Frozen and the Disney Princess

Over a month after its theatrical release in the US and I’m finally in a postion to sit down and reflect on Frozen, the last Disney princess film for the foreseeable future. The movie is, in a word, wonderful. It’s not a perfect film by any means but after years of princess movies wallowing in mediocrity (I’m so sorry, Tangled. I really am), it was such a glorious relief to watch a movie that’s progressive, entertaining and genuinely unpredictable.

Despite some pacing problems and a few unwanted songs (“Fixer Upper” … really?) Frozen is pure gold at its core and, to elsafrozen2my delight, my predictions for the film were  almost entirely incorrect. Frozen is fundamentally a movie about sisterhood supported by a fantastic cast of characters. Kristoff is a genuinely odd and endearing reindeer enthusiast, Hans … serves his purpose and does little else and Olaf is actually funny. Who saw that coming? The most significant characters, however, are the two sisters.

Elsa and Anna deserve their place in the pantheon of animated princesses (Elsa becomes Queen early in the film but she’s too interesting not to include). Anna is, indeed, a duplicate of Rapunzel in both appearance and personality but she’s still an engaging heroine whose social isolation and headstrong optimism make us care about her. Elsa, Anna’s anxiety-ridden, magical sister whose resemblance to Elphaba goes beyond Idina Menzel‘s presence, may well be one of the best heroines Disney has created to date. Both sisters are memorable and likable heroines in their own right but it’s when they are compared to other Disney princess franchise members that they really stand out.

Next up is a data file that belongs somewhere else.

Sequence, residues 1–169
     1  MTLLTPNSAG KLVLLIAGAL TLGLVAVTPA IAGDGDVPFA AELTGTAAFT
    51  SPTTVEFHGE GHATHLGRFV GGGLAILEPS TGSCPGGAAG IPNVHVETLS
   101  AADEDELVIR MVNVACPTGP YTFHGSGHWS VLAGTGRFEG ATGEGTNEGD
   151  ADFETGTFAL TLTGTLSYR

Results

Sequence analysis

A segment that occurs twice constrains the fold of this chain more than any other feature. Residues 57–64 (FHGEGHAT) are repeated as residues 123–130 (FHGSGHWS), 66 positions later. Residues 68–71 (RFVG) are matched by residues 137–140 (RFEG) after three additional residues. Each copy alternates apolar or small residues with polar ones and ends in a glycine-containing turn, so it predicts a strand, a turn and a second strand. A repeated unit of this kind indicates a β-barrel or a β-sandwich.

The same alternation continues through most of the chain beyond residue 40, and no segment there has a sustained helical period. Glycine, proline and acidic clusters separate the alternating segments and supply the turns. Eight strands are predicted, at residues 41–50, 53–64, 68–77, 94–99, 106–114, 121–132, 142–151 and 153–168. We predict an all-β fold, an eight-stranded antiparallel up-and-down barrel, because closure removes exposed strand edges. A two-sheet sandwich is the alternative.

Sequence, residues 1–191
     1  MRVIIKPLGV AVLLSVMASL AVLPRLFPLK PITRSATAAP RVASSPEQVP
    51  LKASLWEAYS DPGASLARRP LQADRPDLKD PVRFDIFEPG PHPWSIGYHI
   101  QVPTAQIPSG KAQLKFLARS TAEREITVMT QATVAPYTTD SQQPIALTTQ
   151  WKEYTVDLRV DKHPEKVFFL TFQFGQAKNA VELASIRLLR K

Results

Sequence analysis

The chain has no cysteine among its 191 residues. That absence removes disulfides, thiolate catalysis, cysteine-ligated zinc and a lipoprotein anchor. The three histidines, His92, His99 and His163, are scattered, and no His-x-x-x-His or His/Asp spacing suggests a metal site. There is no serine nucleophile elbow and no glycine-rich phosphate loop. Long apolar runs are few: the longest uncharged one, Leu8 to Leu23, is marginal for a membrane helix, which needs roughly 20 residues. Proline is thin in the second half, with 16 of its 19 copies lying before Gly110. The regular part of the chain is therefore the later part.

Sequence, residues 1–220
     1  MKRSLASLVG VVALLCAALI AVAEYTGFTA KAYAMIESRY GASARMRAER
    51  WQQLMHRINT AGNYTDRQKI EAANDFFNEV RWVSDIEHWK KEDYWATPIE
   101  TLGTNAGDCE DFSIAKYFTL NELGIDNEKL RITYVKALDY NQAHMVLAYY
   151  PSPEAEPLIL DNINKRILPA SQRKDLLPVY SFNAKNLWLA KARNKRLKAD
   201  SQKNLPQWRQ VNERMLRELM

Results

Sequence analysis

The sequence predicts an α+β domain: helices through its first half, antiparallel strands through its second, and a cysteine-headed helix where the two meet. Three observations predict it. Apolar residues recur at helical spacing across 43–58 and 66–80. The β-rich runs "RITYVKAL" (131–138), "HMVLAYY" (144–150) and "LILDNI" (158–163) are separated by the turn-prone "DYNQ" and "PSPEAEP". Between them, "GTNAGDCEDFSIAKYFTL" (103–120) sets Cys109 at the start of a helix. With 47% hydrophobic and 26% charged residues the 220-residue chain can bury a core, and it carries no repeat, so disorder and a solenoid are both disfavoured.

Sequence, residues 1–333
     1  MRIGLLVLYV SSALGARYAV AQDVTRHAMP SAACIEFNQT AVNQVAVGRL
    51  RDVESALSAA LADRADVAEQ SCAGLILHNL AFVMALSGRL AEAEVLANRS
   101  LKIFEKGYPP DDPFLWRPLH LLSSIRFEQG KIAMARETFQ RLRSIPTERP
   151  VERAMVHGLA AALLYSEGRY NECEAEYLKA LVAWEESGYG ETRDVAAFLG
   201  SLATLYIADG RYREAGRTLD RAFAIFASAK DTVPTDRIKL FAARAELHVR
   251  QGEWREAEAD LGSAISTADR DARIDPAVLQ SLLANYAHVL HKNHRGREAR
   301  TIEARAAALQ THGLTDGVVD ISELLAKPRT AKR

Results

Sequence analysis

Elsa and Anna have distinctive personality that take more than a single adjective to summarize. As much respect as I have for Snow White, Cinderella and Princess Aurora for their significance to the history jasmineof animation, those are three bland women. What defines them beyond their wistful pining for men? Even some of princesses of the Disney renaissance are a tad one note. Really, what is there to say about Jasmine other than that she doesn’t want to get roped into an arranged marriage? By contrast, Anna and Elsa’s personalities are multilayered products of their upbringing. Anna is extroverted because she’s desperate to connect after years of isolation and Elsa is tormented by powers she can’t control and the fear that she’ll hurt anyone who gets close to her.

To be fair, bland princesses have been passé for several years, now. It’s evident from films like The Princess and the Frog, Tangled and Brave that studios are trying to create heroines with well-rounded, relatable personalities. The problem with these films is that they haven’t got a story that’s strong enough to support their characters. The Princess and the Frog spends too much time hammering home its work ethic, Brave is tonally inconsistent and clearly suffers from the battle of “creative differences” the studio underwent during production and Tangled‘s sweet, generic story and design fail to take risks that could have set it apart. With Frozen we have at long last a movie that tells a solid, interesting story driven by two protagonists who are engaging characters as well as feminist role models for little girls. The movie quietly subverts classic elsaannaDisney tropes such as love at first sight and true love’s kiss yet these take a narrative backseat to the genuinely compelling question of how Anna and Elsa can undo the spell of eternal winter.

Frozen bodes well for the future of Disney animation. It’s made enough money that the studio is likely to look to this film as a reference point for future projects and I’m optimistic about this so long as they don’t get complacent and recycle Frozen‘s formula in the future. Frozen is a good film, but Disney should only take this success as motivation to continue pushing itself and creating new and innovative stories.

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